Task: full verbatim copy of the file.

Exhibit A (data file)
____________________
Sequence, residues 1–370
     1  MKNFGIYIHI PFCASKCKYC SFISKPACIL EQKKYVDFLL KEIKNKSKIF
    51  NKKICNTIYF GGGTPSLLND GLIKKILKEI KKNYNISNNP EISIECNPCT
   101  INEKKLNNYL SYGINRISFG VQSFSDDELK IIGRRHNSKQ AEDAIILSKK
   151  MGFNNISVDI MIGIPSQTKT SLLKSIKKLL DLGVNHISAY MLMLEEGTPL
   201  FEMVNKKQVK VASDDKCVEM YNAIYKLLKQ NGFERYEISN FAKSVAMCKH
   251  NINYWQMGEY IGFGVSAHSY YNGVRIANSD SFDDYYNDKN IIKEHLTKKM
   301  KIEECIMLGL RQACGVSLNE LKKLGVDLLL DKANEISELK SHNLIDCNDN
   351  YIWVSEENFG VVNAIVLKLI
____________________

Sequence, residues 1–370
     1  MKNFGIYIHI PFCASKCKYC SFISKPACIL EQKKYVDFLL KEIKNKSKIF
    51  NKKICNTIYF GGGTPSLLND GLIKKILKEI KKNYNISNNP EISIECNPCT
   101  INEKKLNNYL SYGINRISFG VQSFSDDELK IIGRRHNSKQ AEDAIILSKK
   151  MGFNNISVDI MIGIPSQTKT SLLKSIKKLL DLGVNHISAY MLMLEEGTPL
   201  FEMVNKKQVK VASDDKCVEM YNAIYKLLKQ NGFERYEISN FAKSVAMCKH
   251  NINYWQMGEY IGFGVSAHSY YNGVRIANSD SFDDYYNDKN IIKEHLTKKM
   301  KIEECIMLGL RQACGVSLNE LKKLGVDLLL DKANEISELK SHNLIDCNDN
   351  YIWVSEENFG VVNAIVLKLI